I have tried to provide the rhetorical-cultural-spatial-historical, and Smith gives us the lyrical, but perhaps there is more to say about the theoretical potential of Grindr and other apps. I want to end by thinking of Grindr as glitch, a slippery place full of radical cultural potential. In a 2015 article, trans-studies and feminist scholar Jenny Sundén discusses gender as a broken technology, one she thinks of as "accidental error" through the digital term "glitch."40Jenny Sundén, "On trans-, glitch, and gender as machinery of failure," First Monday 20, no. 4 (2015), https://firstmonday.org/ojs/index.php/fm/article/view/5895/4416. While I will not go into Sundén's use of glitch in terms of gender, glitch, etymologically from the Yiddish word glitsh meaning "slippery place," "forces us to pay attention to the materiality and fragility of new media."41Sundén. In this way, Grindr and Scruff are glitchy wherein the possible is sometimes materially attainable via the screen's mediation of fragile and imperfect connections. The proliferation of LGBTQ+ dating and hook-up digital applications clarify and cloud, reveal and conceal, seeking transparency and enacting opacity—a glitch between the virtual and the actual that represents the expansion of the possible as well as the continuation of a m/Mask, a posture once thought of as a "glitch" that was "fixed" via gay liberation and its attendant progressive narratives of closet deconstruction, increased queer visibility, and greater social acceptance.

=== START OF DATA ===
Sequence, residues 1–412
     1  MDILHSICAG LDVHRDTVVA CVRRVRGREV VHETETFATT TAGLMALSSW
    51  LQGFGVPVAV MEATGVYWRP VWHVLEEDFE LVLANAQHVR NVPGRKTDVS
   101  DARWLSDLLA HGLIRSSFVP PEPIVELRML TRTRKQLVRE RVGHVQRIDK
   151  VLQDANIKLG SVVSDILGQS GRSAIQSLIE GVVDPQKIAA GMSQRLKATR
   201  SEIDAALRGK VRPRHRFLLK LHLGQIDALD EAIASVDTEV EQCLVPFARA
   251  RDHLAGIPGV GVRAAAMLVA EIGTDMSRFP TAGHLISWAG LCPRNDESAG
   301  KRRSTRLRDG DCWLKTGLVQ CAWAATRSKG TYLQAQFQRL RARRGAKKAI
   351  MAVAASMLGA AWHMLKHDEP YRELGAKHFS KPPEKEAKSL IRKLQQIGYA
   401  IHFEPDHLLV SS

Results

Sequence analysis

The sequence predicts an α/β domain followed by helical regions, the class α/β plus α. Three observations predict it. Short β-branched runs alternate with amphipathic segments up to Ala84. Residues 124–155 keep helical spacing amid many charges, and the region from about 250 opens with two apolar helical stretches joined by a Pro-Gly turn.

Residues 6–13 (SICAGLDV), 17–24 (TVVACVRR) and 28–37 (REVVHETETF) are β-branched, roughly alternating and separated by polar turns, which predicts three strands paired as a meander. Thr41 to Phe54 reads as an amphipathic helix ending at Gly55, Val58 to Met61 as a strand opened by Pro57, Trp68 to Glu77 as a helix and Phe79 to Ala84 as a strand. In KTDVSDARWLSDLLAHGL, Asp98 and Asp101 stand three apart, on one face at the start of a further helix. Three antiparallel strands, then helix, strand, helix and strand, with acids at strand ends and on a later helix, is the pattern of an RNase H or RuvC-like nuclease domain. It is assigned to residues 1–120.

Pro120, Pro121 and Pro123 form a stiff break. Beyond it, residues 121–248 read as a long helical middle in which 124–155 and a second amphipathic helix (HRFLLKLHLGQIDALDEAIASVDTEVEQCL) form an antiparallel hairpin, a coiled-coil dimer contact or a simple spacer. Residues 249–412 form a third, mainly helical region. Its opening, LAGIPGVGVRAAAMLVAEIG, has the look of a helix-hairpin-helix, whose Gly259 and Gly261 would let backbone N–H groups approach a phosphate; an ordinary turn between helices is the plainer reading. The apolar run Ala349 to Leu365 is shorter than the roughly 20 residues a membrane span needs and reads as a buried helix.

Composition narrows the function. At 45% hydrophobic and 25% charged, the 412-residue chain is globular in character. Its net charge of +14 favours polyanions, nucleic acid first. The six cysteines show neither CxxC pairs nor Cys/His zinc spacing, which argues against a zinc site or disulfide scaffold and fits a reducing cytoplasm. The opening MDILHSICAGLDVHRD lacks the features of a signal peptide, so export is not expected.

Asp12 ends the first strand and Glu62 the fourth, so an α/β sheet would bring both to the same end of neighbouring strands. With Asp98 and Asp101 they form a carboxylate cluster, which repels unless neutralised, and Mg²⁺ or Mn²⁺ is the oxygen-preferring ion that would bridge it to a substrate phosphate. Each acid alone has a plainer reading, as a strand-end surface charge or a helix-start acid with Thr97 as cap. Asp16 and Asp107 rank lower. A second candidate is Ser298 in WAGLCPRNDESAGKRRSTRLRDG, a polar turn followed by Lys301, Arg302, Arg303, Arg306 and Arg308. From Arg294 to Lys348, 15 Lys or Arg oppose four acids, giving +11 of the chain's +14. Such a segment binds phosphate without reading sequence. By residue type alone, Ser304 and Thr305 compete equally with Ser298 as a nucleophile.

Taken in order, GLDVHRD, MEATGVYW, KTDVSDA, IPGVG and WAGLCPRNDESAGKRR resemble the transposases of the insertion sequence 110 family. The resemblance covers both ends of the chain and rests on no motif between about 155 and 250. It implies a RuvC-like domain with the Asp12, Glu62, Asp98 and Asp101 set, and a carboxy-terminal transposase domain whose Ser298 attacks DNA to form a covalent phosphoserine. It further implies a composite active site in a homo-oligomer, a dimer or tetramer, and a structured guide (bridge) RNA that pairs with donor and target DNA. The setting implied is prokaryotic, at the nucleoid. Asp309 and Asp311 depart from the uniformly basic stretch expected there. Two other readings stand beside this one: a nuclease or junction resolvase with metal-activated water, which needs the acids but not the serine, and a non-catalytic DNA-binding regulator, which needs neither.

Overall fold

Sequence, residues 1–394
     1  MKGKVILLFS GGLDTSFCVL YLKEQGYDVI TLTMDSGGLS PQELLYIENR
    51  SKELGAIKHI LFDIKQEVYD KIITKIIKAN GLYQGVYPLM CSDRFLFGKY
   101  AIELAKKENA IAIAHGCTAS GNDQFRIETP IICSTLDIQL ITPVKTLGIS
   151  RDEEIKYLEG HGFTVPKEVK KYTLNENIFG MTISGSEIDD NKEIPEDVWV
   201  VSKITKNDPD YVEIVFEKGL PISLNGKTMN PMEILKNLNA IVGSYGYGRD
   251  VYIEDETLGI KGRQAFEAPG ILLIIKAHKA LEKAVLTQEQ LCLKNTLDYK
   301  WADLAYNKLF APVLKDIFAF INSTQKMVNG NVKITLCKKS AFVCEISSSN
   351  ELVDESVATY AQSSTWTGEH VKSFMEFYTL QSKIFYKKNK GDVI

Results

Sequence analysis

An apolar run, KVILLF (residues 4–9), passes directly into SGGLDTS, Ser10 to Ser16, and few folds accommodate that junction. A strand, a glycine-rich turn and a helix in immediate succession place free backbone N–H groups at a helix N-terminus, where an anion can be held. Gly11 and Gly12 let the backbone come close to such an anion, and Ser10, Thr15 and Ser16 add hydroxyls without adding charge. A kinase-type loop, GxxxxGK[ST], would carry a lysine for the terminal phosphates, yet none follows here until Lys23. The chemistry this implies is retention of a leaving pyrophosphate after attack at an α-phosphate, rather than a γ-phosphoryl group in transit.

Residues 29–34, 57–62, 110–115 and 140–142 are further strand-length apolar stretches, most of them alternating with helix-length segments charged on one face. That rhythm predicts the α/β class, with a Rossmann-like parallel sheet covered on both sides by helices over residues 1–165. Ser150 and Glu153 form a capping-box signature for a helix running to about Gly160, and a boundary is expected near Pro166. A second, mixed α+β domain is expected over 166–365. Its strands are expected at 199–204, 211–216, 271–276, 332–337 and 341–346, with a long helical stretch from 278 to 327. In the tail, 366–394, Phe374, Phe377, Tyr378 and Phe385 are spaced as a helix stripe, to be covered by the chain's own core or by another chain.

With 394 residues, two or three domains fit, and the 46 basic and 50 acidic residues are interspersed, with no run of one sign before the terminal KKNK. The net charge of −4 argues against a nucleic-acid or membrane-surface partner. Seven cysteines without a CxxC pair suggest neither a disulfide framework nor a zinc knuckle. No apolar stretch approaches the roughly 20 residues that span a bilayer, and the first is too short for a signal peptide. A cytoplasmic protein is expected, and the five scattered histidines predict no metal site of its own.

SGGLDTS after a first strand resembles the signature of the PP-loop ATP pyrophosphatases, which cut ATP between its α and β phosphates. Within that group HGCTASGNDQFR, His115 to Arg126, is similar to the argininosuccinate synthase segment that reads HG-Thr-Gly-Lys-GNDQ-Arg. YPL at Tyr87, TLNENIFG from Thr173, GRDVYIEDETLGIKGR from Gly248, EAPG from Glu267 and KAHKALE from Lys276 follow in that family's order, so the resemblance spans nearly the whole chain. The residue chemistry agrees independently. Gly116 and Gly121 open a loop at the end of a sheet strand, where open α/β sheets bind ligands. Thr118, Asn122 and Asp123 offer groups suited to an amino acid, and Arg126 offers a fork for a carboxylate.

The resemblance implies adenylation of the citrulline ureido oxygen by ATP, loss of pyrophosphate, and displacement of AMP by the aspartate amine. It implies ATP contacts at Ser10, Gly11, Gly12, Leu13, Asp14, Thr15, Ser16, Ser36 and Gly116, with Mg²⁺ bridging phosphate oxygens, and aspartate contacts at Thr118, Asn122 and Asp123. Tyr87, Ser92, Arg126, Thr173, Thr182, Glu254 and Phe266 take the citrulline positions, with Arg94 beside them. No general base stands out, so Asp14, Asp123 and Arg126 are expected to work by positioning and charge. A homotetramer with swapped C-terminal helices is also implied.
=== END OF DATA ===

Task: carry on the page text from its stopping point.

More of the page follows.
Photograph of a large golden statue of a head with a rainbow striped mask over the face.
Wigan Pride, Wigan, England, August 13, 2017. Photograph by Flickr user Nikon Ranger. Creative Commons license CC BY-NC-ND 2.0.